This leads him to the hospital where he faces a personal abyss monitored by the Angel of Death, here a diaphanous woman named Angelique. The Theme of the film, A director in the search of a way to make his own film that would never been made is also The theme of Fellini's masterpiece, and reminds us to Fellini's world. This is not a film that could have been written and will not be enjoyed by those of simple intellects. I can only imagine the smirk that must have been on Fosse's face throughout this production. . They are totally consumed, and they will burn out pretty fast, thus the morning ritual, of cigarette, Vivaldi, Alka-Seltzer Visine, and a Dexie.
The film doesn't particularly look good it's a gray movie , though it has amazing musical flourishes and the self-styled bombast is actually rather amusing once you get the idea. This, Fosse's fourth and also penultimate film, is his version of 8?. I know that this was a labor of love for Fosse, and that it has eerie similarities to his death several years later. The score also won an Oscar which was also deserved, it captures all the glitz and glamour of musical theatre brilliantly with no over-sentimentalising. The comedian who appears as the subject of a movie is based on Lenny, a previous Fosse film. Bob Fosse could have made a film that depicted the struggle of the Broadway artist, that really showed us the ups, downs, and betweens of working in showbiz.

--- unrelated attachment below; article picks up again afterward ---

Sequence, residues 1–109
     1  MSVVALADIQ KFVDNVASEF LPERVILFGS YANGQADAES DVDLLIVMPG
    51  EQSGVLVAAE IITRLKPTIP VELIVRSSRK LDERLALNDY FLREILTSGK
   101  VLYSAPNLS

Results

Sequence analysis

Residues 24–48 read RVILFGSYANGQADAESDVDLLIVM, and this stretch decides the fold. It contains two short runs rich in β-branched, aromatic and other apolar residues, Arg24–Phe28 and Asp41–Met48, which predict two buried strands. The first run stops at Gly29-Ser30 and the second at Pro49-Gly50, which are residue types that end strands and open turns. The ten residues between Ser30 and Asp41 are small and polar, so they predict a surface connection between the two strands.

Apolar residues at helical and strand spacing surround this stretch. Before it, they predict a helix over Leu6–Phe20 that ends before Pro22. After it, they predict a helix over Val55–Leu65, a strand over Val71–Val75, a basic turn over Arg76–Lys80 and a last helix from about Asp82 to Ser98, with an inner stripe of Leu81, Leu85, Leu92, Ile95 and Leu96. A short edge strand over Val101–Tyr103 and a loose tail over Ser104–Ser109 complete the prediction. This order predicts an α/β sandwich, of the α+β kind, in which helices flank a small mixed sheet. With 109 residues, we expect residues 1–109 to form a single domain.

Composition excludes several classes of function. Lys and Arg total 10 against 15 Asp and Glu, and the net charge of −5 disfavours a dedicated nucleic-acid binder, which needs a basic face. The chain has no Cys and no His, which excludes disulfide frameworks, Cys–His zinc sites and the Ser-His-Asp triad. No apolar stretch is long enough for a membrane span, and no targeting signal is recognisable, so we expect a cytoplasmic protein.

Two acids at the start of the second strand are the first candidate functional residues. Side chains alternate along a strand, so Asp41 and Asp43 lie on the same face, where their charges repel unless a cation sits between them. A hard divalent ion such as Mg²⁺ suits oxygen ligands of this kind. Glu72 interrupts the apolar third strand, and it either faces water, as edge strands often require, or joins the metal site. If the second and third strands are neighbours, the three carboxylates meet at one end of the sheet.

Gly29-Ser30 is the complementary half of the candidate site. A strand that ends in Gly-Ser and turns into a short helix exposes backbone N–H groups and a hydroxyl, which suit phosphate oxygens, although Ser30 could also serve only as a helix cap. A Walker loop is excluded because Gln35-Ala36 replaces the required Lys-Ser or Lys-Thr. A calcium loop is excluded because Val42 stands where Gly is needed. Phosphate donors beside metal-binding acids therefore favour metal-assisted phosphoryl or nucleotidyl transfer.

That philandering has led to relationship problems, with Audrey during their marriage, and potentially now with Kate who wants a committed relationship with Joe largely in not wanting the alternative of entering the dating world again. He directs, choreographs and writes Broadway musicals and the occasional movie. This movie is not for everyone--I know of one theatre in which half the audience walked out demanding their money back--but, if you're game, you probably won't be able to take your eyes off the screen. Roy Schneider gives a blistering career-best performance as a very sordid character with a good amount of complexity. Seriously, she has a difficult role and plays it beautifully.
Joe also lives a hard and fast life, he chain. Joe's professional and personal lives are intertwined, he a chronic philanderer, having slept with and had relationships with a series of dancers in his shows, Victoria Porter, who he hired for the current show despite she not being the best dancer, in the former category, and Kate Jagger, his current girlfriend, in the latter category. The choreography is precise, the editing masterful, and the performances in sharp focus. That it did not win the Best Picture Oscar for its year was an absolute tragedy. Fosse saw the same fate coming to himself, and indeed it found him in 1987. This is Bob Fosse doing a movie about himself and showing his life in an extremely negative light. To think that Fosse synthesized musical theater, artistic obsession, relationships, fatherhood, and satire all within the framework of a deconstructionist film musical and made it all about himself to boot including predicting the manner of his own death without being the least bit self-congratulatory is amazing.